Checking In: Gina Chavez Talks to the Moon
Latina dynamo isn’t simply sitting around chillin’
By Raoul Hernandez,
9:47AM, Mon. Apr. 6, 2020
Last week, Gina Chavez graced the cover of the Chronicle in a guide to new murals on the outside – outside, outdoors, topside. If that doesn’t make Austinites homesick, reading the Latin American ambassador’s note from her shelter resonates equally forceful, its nervy energy emblematic of the singer’s live prowess – now livestreaming daily.
Austin Chronicle: Where are you sheltering and under what circumstances? Who else is there and how’s that going?
Gina Chavez: I am sheltering with my wife in the house we bought a few months ago. We moved out of a 1-1 condo, which was awesome, but way too small for Gina and all her instrument babies. I am so grateful for our new home right now!
My wife's incredible cooking and our daily living room workouts are keeping us healthy. I can see the moon from our back porch and have my own studio that’s become a maze of tripods, cables, and mics as we experiment with nightly livestreams.
That said, it's not all sunshine and roses.
I've been really hard on myself to be uber productive since I have all the time in the world now, and yesterday it all got to me. I had a mini breakdown, took a two-hour nap, cried, and then found myself talking to the moon, so, you know, one day at a time, haha!
AC: At what point did C-19 shut down operations for you, and what went down with the ship, so to speak, both personally & professionally?
GC: I got back from a short duo tour in D.C. and Pittsburgh on March 8 and that’s when it all started going down. At those shows, we were in the phase of trying to take it seriously, while bringing some fun and light to the situation. From stage, we taught the audience how to master the elbow bump and non-touching selfies, saying, “Of course I want to sell you CDs and shirts, but don't touch me!”
Now, even that feels like a world away.
SXSW pulled out and within days, nearly 20 shows dropped off our schedule. Of course, I’m extremely glad that cities, venues, and presenters everywhere were proactive in making that call. We have to shelter in place and do this for the good of each other.
Fortunately, I work part time for an incredible nonprofit, the Center for Public Policy Priorities. I’ve been there more than 10 years and am so, so, so blessed to have the support of CPPP, my supervisor, and all of my coworkers right now. I'm honestly not sure what I would do without that stability.
Many of my bandmates, however, are not as fortunate.
I’ve been livestreaming on Facebook every night at 8pm to create connection and also gather as much support as I can for the Gina band familia. Personally speaking, I'd say it's all hitting right about now. We’re 20-plus days in and, you know, moon-talking.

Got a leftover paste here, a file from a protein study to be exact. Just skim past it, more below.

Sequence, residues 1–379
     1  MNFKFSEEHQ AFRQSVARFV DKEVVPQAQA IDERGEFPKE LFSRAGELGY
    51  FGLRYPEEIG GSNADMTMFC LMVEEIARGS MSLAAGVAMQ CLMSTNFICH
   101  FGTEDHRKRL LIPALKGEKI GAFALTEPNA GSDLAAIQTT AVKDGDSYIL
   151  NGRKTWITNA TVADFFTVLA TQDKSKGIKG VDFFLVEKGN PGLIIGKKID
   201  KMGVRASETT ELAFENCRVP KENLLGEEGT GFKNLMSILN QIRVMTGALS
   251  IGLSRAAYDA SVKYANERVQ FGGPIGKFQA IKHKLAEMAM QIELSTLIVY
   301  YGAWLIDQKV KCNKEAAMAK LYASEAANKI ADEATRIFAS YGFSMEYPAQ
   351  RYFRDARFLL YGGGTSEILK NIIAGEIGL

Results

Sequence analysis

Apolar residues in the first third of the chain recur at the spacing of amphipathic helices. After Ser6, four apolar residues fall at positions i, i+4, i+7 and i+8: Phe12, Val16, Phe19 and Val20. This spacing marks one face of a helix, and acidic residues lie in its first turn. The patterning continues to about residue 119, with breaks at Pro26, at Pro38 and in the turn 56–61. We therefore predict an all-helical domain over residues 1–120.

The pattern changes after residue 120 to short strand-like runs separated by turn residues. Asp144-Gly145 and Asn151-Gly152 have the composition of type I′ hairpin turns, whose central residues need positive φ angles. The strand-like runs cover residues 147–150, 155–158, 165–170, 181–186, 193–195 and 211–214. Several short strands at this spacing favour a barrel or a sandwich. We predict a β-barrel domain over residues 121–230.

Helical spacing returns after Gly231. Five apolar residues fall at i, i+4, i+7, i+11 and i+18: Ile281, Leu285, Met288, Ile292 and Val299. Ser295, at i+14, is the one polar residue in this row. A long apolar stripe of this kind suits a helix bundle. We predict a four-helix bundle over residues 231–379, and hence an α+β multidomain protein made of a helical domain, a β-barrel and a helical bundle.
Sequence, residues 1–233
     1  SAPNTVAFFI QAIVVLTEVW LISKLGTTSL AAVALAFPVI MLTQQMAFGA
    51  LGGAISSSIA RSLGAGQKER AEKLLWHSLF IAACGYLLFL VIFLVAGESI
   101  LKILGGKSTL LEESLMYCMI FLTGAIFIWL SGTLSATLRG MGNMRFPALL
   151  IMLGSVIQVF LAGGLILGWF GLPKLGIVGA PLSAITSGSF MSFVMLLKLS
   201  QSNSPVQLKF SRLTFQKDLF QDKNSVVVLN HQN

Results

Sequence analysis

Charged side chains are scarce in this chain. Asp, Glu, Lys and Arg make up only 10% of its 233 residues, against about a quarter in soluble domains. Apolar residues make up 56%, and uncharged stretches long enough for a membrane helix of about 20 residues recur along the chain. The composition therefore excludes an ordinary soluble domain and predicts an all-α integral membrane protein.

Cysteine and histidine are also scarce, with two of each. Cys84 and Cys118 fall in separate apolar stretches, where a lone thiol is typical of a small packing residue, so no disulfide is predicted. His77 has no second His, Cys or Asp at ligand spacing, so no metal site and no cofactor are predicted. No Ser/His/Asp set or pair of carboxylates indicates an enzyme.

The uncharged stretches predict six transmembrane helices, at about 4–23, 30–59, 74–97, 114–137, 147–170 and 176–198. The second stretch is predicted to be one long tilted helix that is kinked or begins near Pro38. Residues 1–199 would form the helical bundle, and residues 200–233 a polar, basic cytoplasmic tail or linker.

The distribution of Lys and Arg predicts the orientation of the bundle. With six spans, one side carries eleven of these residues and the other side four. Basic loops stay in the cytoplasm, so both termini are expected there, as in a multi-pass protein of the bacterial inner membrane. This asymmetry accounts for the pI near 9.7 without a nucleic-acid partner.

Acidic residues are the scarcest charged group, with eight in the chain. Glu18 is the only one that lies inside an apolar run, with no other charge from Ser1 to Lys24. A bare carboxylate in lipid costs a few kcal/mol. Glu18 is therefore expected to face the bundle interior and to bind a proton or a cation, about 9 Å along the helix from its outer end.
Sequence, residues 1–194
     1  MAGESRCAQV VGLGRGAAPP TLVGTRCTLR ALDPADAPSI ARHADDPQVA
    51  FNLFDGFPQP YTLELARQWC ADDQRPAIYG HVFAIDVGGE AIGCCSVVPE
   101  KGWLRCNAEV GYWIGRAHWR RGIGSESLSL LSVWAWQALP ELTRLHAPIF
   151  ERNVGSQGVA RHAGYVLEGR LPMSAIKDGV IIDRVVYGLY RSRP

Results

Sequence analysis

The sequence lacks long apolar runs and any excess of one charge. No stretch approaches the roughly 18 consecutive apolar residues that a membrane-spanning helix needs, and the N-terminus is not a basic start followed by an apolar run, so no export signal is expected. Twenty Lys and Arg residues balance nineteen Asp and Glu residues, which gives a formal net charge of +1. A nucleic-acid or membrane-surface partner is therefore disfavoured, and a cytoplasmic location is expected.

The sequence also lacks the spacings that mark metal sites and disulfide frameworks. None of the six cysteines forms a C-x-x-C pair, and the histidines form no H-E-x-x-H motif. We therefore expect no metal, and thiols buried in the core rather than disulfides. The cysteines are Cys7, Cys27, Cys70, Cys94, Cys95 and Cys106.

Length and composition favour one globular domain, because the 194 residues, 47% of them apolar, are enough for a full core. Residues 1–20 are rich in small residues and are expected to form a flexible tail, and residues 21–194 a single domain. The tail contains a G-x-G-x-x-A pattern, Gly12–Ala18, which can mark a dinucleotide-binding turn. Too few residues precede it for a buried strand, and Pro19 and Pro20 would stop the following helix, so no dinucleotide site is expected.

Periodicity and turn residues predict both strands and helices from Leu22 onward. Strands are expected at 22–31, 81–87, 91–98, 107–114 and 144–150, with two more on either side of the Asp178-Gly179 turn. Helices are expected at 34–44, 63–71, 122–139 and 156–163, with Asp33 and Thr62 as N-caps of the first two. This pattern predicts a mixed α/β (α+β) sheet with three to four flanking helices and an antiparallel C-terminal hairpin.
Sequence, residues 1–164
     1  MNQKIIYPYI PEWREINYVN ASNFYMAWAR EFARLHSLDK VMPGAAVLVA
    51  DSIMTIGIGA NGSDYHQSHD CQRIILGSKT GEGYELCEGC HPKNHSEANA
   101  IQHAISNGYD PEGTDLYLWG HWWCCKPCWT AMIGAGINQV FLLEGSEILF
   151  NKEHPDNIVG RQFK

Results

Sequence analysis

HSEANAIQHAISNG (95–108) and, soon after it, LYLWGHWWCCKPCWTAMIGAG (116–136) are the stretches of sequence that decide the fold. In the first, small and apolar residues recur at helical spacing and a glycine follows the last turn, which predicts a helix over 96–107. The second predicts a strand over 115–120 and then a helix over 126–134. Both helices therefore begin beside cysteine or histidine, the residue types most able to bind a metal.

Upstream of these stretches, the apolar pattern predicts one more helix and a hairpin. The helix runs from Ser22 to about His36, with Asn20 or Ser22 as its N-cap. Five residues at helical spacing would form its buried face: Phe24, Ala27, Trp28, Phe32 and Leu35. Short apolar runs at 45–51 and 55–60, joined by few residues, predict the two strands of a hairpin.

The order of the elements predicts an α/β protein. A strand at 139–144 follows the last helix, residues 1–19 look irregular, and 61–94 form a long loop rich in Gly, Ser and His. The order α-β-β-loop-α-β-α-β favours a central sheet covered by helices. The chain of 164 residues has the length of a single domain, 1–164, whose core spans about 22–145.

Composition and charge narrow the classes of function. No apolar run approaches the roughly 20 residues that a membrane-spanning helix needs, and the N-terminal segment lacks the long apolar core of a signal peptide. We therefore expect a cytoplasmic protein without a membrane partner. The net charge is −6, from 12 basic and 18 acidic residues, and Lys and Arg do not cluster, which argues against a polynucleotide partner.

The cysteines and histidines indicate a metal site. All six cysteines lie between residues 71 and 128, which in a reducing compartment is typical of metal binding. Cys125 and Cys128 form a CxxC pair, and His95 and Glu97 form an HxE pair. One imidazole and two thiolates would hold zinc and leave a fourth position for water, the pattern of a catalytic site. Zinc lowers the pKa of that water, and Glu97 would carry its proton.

AC: As a global culture, people employ music for every purpose imaginable, obviously spanning religion to entertainment and everything in between. What happens to communities like ours when people can no longer access it in person – at a show, at Central Market, at SXSW?
GC: I have no idea, haha!
All I know is that doing livestreams every night is hard! I’m a classic extrovert and feed off of live human interaction. I’m the kind of person who gets off stage with more energy than I had when I got on, because it feeds me to be around people, meet them, hear their stories, share a hug. But when the stage is a camera, it’s like performing to concrete.
Wow, I just realized I've been livestreaming for 20 days straight. And I'm not even straight! Geez, no wonder I’m talking to the moon, #facepalm.
Apparently, it’s taken me 20 days to realize I definitely need human connection, so I'm launching a new series called Quaran-Gina Q&A. I’ll feature my bandmates and fab artists like Carrie Rodriguez and Jackie Venson where we check-in, ask silly questions, and swap songs.
AC: Everyone is having to shift or drastically alter their work situation. What does that look like for you?
GC: OMG, the screen time. I think last Friday was when the entire world discovered Zoom. I spent my entire day on back-to-back Zoom calls and now that is daily life. It's amazing how sitting around in sweatpants, snacking, and staring at a screen can get to you, haha.
But I’m grateful to have the internet and the ability to connect with each other on video in real time. The nightly live streams have given me a kick in the pants to produce content more regularly, while trying to navigate the best way to release my new album. Yay, new music!
It’s a wild new world out there and while most of it sucks, at least we have free or cheap tools at our fingertips. And I feel fortunate to have some small thing to offer people a way to escape or chill or get their minds off of the shitshow outside. The livestreams have been a big shift in our routine, but these new constraints have given my wife and I a reason to explore new skills like sound engineering, lighting, operating multiple camera angles, etc.
One thing is for sure, we are not sitting around chillin’!
AC: What’s your soundtrack for the apocalypse and what role does music play for you as a fan and scholar of it in times of hardship?
GC: I’m the kind of person who actually needs space from music sometimes. I’m more likely to listen to a podcast – like Brene Brown's new podcast Unlocking Us that Carrie Rodriguez and I co-wrote the music for (*squeal*) – or dive into a tutorial on new equipment, like my Boss RC 505 loop station.
The music I prefer is opening the sliding glass door while our neighbor’s rooster goes off. And I love when the birds start their gossip, while the wind tosses the trees around and the stray cats prowl the weeds. The sounds of our new backyard make me happy and bring me peace.
But... only after a morning workout fueled by Cardi B, Rosalía, Beyoncé, Ximena Sariñana, Chance the Rapper, Calle 13, y más.